The final main ingredient of cubicaltt are the Glue types. These are what allows us to have a direct algorithm for composition in the universe and to prove the univalence axiom. These types add the possibility to glue types along equivalences (i.e. maps with contractible fibers) onto another type. In particular this allows us to directly define one of the key ingredients of the univalence axiom:

ua (A B : U) (e : equiv A B) : Path U A B =
  <i> Glue B [ (i = 0) -> (A,e)
             , (i = 1) -> (B,idEquiv B) ]

This corresponds to the missing line at the top of:

        A           B
        |           |
      e |           | idEquiv B
        |           |
        V           V
        B --------> B

The sides of this square are equivalences while the bottom and top are lines in direction i (so this produces a path from A to B as desired).

We have formalized three proofs of the univalence axiom in cubicaltt:

  1. A very direct proof due to Simon Huber and me using higher dimensional glueing.
  2. The more conceptual proof from section 7.2 of the paper in which we show that the unglue function is an equivalence (formalized by Fabian Ruch).
  3. A proof from ua and its computation rule (uabeta). Both of these constants are easy to define and are sufficient for the full univalence axiom as noted in a post by Dan Licata on the HoTT google group.

All of these proofs can be found in the file univalence.ctt and are explained in the paper (proofs 1 and 3 are in Appendix B).

Note that one often doesn’t need full univalence to do interesting things. So just like for Path types it’s often easier to just use the Glue primitives directly instead of invoking the full univalence axiom. For instance if we have proved that negation is an involution for bool we can directly get a non-trivial path from bool to bool using ua (which is just a Glue):

notEq : Path U bool bool = ua boob bool notEquiv

And we can use this non-trivial equality to transport true and compute the result:

> transport notEq true
EVAL: false

This is all that the lectures cover, in the rest of this post I will discuss the two extensions of cubicaltt from the paper and their status in cubicaltt.

Identity types and higher inductive types

As pointed out above the computation rule for Path types doesn’t hold judgmentally. Luckily there is a neat trick due to Andrew Swan that allows us to define a new type that is equivalent to Path A a b for which the computation rule holds judgmentally. For details see section 9.1 of the paper. We call this type Id A a b as it corresponds to Martin-Löf’s identity type. We have implemented this in cubicaltt and proved the univalence axiom expressed exclusively using Id types, for details see idtypes.ctt.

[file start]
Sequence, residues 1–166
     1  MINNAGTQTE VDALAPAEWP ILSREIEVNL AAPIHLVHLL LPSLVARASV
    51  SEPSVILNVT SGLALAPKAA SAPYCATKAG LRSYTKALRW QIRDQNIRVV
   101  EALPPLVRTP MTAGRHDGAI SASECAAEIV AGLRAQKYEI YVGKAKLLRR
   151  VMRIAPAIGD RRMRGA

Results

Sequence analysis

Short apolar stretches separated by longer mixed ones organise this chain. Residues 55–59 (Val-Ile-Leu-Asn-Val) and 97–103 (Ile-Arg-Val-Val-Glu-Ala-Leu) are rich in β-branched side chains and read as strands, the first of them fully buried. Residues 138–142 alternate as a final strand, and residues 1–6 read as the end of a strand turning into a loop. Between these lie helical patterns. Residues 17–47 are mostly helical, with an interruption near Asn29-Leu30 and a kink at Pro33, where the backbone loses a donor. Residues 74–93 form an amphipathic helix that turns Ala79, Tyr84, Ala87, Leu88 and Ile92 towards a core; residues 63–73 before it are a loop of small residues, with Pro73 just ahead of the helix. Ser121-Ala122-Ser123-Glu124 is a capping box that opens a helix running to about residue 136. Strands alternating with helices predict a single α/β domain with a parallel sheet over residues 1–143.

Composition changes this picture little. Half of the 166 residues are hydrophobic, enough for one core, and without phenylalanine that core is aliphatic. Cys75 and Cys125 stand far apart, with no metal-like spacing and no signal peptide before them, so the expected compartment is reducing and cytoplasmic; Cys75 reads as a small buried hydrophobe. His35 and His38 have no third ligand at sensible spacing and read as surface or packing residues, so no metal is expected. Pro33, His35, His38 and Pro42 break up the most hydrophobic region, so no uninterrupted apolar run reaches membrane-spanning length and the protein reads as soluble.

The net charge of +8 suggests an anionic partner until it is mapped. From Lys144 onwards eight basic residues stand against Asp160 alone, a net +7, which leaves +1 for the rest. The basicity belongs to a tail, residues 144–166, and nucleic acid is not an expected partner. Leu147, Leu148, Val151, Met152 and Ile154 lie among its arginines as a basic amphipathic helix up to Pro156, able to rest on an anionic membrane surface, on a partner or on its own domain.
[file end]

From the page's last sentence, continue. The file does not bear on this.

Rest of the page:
For practical formalizations it is probably often more convenient to use the Path types directly as they have the nice primitives discussed above, but the fact that we can define Id types is very important from a theoretical point of view as it shows that cubicaltt with Id is really an extension of Martin-Löf type theory. Furthermore as we can prove univalence expressed using Id types we get that any proof in univalent type theory (MLTT extended with the univalence axiom) can be translated into cubicaltt.

The second extension to cubicaltt are HITs. We have a general syntax for adding these and some of them work fine on the master branch, see for example:

  • circle.ctt – The circle as a HIT. Computation of winding numbers.
  • helix.ctt – The loop space of the circle is equal to Z.
  • susp.ctt – Suspension and n-spheres.
  • torsor.ctt – Torsors. Proof that S1 is equal to BZ, the classifying
    space of Z. (Due to Rafaël Bocquet)
  • torus.ctt – Proof that Torus = S1 * S1 in only 100 loc (due to Dan

However there are various known issues with how the composition operations compute for recursive HITs (e.g. truncations) and HITs where the end-points contain function applications (e.g. pushouts). We have a very experimental branch that tries to resolve these issues called “hcomptrans”. This branch contains some new (currently undocumented) primitives that we are experimenting with and so far it seems like these are solving the various issues for the above two classes of more complicated HITs that don’t work on the master branch. So hopefully there will soon be a new cubical type theory with support for a large class of HITs.

That’s all I wanted to say about cubicaltt in this post. If someone plays around with the system and proves something cool don’t hesitate to file a pull request or file issues if you find some bugs.

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63 Responses to A hands-on introduction to cubicaltt